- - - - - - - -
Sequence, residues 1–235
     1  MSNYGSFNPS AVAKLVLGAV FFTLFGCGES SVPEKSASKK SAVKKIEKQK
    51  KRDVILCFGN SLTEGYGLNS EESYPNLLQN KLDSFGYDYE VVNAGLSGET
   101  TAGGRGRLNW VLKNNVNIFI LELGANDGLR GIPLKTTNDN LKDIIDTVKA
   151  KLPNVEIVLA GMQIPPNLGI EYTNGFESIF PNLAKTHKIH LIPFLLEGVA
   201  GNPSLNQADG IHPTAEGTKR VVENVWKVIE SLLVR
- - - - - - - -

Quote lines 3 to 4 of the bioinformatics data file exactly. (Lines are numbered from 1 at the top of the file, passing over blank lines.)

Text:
    51  KRDVILCFGN SLTEGYGLNS EESYPNLLQN KLDSFGYDYE VVNAGLSGET
   101  TAGGRGRLNW VLKNNVNIFI LELGANDGLR GIPLKTTNDN LKDIIDTVKA